I loved this quote: “It didn’t turn him into a bookish boy, or improve his naughty behavior, but it did become a loyal companion, there to see him to sleep and distract him when he had to ‘think things over.'” Then, one day, the book is lost. The boy is bereft and searches for it everywhere; eventually he discovers other books, and it turns out that the Good Little Book goes on to inspire the love of reading for somebody else.
It’s a lovely little book—the story and the illustrations are both a lot of fun. It’s about falling in love with a book, even if it doesn’t make you “bookish” or somehow improve you. It’s okay to just have a favorite book—and it’s okay to move on to other books eventually, too.
Cozy Classics by Jack and Holman Wang
The Wang brothers are well-known for their needle-felted figurines (also seen in the Star Wars Epic Yarns series). Their Cozy Classics series is back, with new covers and a few new titles. Each book re-tells a classic story with 12 words, each paired with one photograph. The figurines and the sets they create for their characters are amazing. Great Expectations is a new title and joined Pride & Prejudice, War & Peace, and Moby Dick this spring. More will be coming this fall and next spring.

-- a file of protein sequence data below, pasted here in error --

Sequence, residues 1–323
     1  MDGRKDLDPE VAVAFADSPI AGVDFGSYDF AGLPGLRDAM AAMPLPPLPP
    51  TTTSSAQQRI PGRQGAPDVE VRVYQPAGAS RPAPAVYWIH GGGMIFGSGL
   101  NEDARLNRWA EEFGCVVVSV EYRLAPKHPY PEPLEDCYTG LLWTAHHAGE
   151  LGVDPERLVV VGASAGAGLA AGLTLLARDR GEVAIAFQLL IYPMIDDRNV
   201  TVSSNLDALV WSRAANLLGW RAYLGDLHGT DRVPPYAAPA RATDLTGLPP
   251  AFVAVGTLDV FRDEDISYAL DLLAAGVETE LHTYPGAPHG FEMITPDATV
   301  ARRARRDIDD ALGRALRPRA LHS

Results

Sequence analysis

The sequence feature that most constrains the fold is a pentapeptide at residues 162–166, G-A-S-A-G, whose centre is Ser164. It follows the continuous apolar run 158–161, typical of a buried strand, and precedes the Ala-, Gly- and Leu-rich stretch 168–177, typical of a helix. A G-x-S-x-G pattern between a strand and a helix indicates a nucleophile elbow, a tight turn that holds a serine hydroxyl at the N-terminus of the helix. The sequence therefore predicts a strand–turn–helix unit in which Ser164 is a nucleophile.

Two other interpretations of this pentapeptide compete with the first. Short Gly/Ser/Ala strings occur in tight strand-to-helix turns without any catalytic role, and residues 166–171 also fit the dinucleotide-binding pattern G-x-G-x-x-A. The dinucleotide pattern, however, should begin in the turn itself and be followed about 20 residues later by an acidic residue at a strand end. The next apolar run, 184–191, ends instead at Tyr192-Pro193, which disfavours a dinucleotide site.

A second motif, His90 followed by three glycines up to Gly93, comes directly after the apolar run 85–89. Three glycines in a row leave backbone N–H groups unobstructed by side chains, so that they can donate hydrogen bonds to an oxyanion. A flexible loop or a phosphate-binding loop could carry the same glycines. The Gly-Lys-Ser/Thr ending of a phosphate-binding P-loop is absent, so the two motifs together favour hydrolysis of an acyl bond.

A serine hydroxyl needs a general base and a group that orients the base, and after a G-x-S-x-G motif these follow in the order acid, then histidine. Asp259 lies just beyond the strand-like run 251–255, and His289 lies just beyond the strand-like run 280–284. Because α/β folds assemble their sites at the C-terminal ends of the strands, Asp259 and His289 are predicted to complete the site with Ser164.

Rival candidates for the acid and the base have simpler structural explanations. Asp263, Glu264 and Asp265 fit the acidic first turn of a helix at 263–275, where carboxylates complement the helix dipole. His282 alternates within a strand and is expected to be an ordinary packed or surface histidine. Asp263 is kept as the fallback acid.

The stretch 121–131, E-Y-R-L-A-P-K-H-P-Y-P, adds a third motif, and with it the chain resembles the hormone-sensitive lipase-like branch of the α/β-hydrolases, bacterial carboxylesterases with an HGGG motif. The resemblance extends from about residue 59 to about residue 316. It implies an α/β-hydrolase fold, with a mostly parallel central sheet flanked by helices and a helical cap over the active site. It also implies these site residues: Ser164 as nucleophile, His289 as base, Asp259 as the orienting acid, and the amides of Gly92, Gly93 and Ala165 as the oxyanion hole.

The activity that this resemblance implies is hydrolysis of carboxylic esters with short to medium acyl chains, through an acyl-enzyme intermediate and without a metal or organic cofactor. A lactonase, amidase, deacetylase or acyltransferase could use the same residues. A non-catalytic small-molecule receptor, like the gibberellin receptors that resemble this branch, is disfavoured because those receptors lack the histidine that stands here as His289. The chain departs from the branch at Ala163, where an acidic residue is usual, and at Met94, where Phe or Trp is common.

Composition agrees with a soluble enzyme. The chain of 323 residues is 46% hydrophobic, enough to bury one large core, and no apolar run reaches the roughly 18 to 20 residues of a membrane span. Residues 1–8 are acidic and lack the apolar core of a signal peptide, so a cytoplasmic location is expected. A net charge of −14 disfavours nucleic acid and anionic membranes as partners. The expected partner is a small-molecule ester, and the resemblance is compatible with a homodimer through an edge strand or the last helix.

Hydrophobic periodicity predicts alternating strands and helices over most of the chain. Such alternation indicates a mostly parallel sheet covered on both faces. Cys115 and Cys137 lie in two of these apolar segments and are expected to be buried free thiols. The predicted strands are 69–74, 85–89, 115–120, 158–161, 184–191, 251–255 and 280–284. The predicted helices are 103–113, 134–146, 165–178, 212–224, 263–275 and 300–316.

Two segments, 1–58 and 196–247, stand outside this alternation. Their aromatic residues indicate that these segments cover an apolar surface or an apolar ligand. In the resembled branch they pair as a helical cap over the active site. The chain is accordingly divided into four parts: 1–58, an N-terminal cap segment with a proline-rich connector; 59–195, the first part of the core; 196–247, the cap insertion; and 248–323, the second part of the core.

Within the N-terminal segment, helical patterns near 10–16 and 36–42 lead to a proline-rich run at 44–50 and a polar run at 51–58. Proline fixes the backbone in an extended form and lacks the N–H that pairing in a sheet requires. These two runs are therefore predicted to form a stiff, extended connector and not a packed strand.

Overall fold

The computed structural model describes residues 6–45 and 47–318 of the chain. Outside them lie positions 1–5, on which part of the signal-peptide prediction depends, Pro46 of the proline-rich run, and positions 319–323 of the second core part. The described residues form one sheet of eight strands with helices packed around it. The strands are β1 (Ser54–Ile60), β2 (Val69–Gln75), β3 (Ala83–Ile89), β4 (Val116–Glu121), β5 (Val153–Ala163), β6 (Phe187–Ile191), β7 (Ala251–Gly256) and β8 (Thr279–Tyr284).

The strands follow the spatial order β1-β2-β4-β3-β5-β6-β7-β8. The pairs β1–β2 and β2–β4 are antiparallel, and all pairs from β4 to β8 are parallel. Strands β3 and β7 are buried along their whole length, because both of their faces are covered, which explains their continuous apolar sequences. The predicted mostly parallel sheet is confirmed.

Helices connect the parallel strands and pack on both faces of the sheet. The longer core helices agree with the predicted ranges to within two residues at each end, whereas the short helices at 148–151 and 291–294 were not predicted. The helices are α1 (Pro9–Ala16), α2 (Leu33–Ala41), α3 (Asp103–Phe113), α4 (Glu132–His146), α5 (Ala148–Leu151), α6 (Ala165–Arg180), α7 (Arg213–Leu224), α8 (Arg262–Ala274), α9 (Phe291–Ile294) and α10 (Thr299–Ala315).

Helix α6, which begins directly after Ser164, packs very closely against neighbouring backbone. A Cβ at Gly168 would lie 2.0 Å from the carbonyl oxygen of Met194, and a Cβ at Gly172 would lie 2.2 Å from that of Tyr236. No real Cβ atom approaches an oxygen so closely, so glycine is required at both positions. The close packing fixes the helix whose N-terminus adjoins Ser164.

If you like the idea of bite-sized classics but you want a little more than a dozen words for each story, you could give Shrunken Treasures a try. Scott Nash has run several stories through his “Versizer,” turning each literary classic into a much shorter poem, with adorable illustrations. He takes some liberties with the tales: his version of A Thousand and One Nights turns the sultan into a tiger and Scheherazade into a tiny mouse, and Hamlet isn’t just a Dane—he’s a Great Dane. Most of the tales have been given endings that are, if not happy, at least a little ambiguous.
A young boy just wants to tell a story about his cat, Emperor Falafel, but he keeps getting interrupted by other characters: a pirate, a dinosaur, an alien, a knight … and every one of them thinks it’s their story. What’s a kid to do? The book has very fun illustrations, done in a sort of comics format where each character has a different-colored speech bubble. Whose story is it? You’ll have to read the book to find out. I love stories that are about stories, and this one fits the bill perfectly.
Want more books on books? This Stack Overflow column has a few more.
Disclosure: I received review copies of these titles except The Good Little Book.